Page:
You can have better. You can be younger. You can make more money than her. You can eat your cake and have it too. You’ll get yours.

Except all of those statements are about you and not about us. If you sell me a beer, then we have a brief relationship. Have you lied to me? Maybe just a little?

If you have, is it ok if I lie to you back in the form of false payment? False praise? False condemnation?

And how long is it before you stop trusting me and I stop trusting you, so that now instead of a kinship we are adversaries?

So I get why there are people hollering about that rigid adherence to style. Somewhere, under their skin, in the cells of their tongue, between snapfires of neurons that tell them all the hows of something, they sense that they are being lied to, that they just cannot trust anyone who isn’t absolutely known. The standard becomes more important than whether or not something is good because the standard is the only way they know they haven’t been fucked over by someone who they feel in all likelihood, doesn’t give a shit about them and the world has frequently proven this view correct. Or even proven it correct once and do you really want to take a chance? You can start saying that Molson’s is an IPA if there’s no actual standard, right? Because the world is whatever We say it is. Trust Us. We know better than you.

But some of us know: We can’t trust you. We feel that in our gut. You aren’t putting forth your most valiant attempt, you’re skimming the top in order to part us from our money-which is, by extension, our time and our work and our selves.

And we. Don’t. Like. It. So we raise our voices and shout at people; You are being screwed over! It’s not fair! There is a Standard, don’t you see? Look! This thing brought to you by that…liar doesn’t even come close! Submit to the Standard!

Well…let’s wait just a minute.

It is that same standard that halts the more adventurous brewers who are working the ethereal realms of taste, scent and pleasure in an attempt to share something awesome. They blend and they hover like alchemists, relying on the knowable and the unknowable, what can be proven and what just is out there, somehow, in order to make something fantastic. Something delicious. Something to share. They just get stumped when people ask; what is it? How does it fall under The Standard?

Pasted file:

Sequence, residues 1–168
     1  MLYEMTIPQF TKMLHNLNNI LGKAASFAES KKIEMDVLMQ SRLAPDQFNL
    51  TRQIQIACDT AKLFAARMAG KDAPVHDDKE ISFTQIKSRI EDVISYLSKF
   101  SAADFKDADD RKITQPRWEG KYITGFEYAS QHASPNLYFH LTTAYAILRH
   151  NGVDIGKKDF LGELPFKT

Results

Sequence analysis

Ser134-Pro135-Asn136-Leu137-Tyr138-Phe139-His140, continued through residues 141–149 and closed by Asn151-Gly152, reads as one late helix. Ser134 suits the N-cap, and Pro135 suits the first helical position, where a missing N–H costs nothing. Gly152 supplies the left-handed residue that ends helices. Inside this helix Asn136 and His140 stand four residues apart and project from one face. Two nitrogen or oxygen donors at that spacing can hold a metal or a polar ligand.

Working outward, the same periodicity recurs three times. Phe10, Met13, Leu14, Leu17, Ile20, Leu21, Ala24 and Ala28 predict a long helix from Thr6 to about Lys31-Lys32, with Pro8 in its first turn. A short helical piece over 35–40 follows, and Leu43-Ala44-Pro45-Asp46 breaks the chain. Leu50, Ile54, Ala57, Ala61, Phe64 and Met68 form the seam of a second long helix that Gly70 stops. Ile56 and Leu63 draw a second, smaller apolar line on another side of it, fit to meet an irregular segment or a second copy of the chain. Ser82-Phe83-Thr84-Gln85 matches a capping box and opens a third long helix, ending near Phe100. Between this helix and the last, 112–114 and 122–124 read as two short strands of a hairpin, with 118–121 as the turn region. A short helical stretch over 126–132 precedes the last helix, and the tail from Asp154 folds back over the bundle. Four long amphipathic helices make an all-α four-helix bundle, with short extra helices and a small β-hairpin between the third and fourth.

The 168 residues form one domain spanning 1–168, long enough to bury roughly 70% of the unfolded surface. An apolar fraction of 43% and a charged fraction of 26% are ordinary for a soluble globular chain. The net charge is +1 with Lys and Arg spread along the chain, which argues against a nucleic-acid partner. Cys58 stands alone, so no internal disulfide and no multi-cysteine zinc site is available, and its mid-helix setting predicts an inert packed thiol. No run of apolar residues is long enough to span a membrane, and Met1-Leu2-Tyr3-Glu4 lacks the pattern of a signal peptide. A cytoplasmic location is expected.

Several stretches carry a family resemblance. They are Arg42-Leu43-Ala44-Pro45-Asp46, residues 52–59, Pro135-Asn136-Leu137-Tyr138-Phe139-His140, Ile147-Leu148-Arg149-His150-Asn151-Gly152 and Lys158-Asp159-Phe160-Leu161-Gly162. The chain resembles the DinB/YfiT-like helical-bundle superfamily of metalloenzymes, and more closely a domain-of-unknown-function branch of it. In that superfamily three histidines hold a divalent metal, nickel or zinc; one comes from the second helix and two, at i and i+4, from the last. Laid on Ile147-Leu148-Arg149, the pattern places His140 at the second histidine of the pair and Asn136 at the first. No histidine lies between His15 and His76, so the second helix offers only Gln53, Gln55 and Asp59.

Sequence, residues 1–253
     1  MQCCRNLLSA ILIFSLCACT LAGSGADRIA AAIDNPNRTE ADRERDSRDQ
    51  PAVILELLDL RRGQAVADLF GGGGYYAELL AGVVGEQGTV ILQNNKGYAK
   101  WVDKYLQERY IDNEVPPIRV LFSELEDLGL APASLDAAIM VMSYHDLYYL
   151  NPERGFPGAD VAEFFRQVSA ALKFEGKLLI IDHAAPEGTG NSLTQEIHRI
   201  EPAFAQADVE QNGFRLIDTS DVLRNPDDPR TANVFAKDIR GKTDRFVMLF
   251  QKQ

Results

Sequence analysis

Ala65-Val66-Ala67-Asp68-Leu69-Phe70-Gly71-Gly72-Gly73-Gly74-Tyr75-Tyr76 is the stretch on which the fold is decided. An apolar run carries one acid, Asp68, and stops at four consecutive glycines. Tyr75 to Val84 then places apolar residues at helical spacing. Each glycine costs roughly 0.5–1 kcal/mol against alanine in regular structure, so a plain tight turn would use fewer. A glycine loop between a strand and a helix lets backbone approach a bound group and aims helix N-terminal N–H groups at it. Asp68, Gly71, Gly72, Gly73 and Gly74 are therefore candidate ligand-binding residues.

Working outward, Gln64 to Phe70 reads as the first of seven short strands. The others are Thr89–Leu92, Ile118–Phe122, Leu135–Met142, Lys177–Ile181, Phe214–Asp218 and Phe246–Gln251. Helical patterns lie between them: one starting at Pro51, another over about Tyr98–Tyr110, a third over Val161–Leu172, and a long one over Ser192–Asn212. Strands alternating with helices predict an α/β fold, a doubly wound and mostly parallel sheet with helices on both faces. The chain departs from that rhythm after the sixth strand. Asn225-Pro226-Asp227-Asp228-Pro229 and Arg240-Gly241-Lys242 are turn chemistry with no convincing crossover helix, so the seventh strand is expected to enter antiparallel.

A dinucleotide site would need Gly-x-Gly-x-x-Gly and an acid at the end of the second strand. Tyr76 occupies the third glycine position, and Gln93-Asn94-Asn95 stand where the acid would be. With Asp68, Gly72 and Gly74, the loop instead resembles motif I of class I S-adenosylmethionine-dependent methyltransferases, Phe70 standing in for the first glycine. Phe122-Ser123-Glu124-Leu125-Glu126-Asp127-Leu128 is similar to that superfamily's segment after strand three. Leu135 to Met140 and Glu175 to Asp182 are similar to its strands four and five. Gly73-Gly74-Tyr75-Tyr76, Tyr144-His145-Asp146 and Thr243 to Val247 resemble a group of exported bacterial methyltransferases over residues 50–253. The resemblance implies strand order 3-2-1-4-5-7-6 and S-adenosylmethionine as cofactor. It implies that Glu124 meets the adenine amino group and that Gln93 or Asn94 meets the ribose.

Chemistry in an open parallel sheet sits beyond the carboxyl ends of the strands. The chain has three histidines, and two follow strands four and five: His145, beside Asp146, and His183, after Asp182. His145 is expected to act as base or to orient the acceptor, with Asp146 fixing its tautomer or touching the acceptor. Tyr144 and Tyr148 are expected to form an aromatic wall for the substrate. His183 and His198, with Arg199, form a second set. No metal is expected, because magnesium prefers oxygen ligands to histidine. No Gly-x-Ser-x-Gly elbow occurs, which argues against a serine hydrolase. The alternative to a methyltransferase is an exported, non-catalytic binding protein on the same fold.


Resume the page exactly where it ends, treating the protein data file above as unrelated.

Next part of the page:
Er…it’s awesome?

That answer works great when you’re twelve. It’s less satisfying to grownups-for reasons that if I were to get into, would lead me into very strange places. So let’s not.

What this insistence on Standards does, instead, is trample on the spirit of adventure.

You can’t tell me what it is? I am afraid of it, don’t want it, and am going to sit back here with my one trve beer. I’m going to hide behind the Standard because the Standard tells me what is Right.

Well, fuck it then; why bother making something awesome if nobody is going to share it with you, right? Awesome things alone just aren’t as satisfying and beer is something we share. Think of how many times you have gone to someone’s house or had someone in your home and asked them, ‘Would you like something to drink? Or eat?’

We want to share the good things we have with other people. It’s been a foundation for many, many relationships.

Worse, what happens when those people making something awesome but hard to define just say; Well to hell with you, I’m taking my ball and going home? Who wins then?

So let’s make a deal. Do your best to call it what it is. You don’t have to adhere to style but you do have know what it is so you can be straight up with me about what you’re attempting to do. Don’t call it an Imperial if it isn’t. If you tried for a stout but by gods it’s a porter; say so. You don’t have to publicly admit mistakes-that’s asking a lot from anyone-but I’d appreciate it if you didn’t try to get me to purchase your wares based on what you think sells, despite that product not actually matching the hot commodity of the day.

In return, I will admit that styles are guidelines not purity laws and try whatever you got at least once, giving it as fair a shake as I can. I won’t panic when I see you’ve made a garlic and mushroom beer; I’ll see if it goes well with a burger and fries. If it is good, I will say so. To everyone who asks. Wherever I can. If it isn’t to my taste, I’ll say that. If it’s just flawed, I’ll say that. But I won’t damn with faint praise if I can at all help it and I won’t say it’s awful just to mess with you.

Maybe we can trust each other to do right and admit that the guidelines are important especially if you’re new to the game but sharing something awesome, even if it can’t be tied to a definition, is more important.